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The Importance of Community Values and Natural Work

Monday, March 23rd, 2009

The following is the foreword to Dave Pollard’s Finding the Sweet Spot: The Natural Entrepreneur’s Guide to Responsible, Sustainable, Joyful Work by Dave Smith—and entrepreneur and co-founder of Smith & Hawken’s. It has been adapted for the web.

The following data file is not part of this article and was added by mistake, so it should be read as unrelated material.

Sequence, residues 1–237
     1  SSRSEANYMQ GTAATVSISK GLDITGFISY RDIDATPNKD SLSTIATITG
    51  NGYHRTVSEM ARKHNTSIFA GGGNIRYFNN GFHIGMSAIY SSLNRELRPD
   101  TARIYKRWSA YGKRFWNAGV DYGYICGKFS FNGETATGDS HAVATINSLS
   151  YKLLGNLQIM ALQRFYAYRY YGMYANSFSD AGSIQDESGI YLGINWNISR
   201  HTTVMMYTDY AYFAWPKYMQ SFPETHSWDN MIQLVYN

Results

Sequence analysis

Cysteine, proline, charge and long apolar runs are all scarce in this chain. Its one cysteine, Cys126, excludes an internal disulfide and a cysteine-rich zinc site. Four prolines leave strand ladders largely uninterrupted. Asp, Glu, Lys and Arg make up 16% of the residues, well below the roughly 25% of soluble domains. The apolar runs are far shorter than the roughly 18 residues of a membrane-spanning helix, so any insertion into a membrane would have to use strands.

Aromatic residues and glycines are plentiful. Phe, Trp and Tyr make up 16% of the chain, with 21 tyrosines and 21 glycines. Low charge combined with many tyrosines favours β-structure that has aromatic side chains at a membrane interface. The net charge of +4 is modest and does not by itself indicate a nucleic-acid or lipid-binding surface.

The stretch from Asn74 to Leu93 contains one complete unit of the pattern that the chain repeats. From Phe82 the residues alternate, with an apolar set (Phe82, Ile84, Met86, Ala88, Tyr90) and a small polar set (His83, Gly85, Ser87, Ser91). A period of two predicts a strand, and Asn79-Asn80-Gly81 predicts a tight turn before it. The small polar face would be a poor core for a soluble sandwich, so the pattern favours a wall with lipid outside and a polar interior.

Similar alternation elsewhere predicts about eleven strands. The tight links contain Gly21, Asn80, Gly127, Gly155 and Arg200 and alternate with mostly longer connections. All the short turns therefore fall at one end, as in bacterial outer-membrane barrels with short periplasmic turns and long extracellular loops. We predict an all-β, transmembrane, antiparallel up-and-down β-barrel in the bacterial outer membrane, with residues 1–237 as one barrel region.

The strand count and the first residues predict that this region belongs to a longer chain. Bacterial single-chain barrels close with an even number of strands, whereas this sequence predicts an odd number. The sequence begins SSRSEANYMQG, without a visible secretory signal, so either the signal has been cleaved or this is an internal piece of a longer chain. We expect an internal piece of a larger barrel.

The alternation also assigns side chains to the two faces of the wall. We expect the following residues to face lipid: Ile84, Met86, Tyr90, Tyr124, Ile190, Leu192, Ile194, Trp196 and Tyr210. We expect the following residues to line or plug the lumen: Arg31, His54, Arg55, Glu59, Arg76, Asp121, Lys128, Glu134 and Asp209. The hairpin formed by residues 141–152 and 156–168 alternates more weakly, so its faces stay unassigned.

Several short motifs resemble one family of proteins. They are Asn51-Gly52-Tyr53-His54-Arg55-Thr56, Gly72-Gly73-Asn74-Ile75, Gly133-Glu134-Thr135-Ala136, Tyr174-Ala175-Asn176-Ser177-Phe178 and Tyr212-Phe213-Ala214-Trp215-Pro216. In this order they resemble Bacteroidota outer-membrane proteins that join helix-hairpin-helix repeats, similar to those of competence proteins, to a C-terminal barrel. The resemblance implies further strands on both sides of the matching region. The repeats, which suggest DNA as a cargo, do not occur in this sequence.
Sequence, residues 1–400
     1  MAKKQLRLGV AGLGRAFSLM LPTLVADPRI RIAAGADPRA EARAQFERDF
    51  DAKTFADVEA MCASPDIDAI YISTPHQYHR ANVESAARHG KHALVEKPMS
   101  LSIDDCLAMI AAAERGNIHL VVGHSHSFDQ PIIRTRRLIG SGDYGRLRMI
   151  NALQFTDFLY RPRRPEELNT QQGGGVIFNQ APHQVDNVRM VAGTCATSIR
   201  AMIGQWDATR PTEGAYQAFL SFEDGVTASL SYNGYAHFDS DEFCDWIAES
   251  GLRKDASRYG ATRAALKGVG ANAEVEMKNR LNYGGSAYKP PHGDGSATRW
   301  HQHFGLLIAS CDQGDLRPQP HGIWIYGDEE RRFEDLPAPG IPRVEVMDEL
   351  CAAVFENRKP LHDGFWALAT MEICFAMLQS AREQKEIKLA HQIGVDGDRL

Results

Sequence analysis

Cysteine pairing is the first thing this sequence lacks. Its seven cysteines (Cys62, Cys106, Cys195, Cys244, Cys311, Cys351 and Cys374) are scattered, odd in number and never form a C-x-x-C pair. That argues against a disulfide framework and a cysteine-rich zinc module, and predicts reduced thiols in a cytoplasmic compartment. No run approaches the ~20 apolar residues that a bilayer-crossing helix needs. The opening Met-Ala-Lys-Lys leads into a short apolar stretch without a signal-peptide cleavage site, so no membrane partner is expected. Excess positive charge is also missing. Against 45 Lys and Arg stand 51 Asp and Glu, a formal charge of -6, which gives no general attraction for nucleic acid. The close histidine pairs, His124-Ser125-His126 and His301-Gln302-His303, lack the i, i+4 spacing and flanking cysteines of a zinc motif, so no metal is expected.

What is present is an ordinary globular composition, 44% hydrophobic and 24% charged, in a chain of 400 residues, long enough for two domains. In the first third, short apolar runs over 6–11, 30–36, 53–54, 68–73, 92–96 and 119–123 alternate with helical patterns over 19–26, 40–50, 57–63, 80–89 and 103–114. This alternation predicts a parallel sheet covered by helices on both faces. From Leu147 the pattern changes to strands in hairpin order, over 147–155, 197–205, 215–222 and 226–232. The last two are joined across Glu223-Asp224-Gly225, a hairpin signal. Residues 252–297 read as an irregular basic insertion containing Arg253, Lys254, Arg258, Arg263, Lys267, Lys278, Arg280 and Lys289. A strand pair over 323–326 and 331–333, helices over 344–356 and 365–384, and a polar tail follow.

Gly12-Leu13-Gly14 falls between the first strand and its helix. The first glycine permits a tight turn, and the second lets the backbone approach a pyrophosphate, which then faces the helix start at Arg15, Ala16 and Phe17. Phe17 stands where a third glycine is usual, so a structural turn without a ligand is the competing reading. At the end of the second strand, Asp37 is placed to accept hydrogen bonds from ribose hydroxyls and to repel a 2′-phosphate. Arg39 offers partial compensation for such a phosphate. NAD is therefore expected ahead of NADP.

During the seventies—when high unemployment and energy shortages were a daily fact of life—some friends and I started and ran a very successful natural food cooperative in Menlo Park, California, called Briarpatch Natural Foods. It was created to fill a real community need, following the age-old business adage of “find a need and fill it.” People had time on their hands, and natural foods were expensive, so by working eight hours every three months, members were able to purchase healthy foods for at least 30 percent less. Three of us co-managed the store, and the work of unloading trucks, stocking shelves, buying fresh produce at the produce terminal, running the cash registers, and everything else needed to operate a small grocery store was done by members. At one point, there were more than 350 families on the waiting list. Because labor is, by far, the largest expense of doing business, taking most of that cost out of the expense statement created not only cheaper food but also an enormous forgiveness for the obvious inefficiencies of volunteer, untrained labor and the lack of basic business skills by its enthusiastic and smart, but woefully unskilled management. Oh, but what fun we had playing store!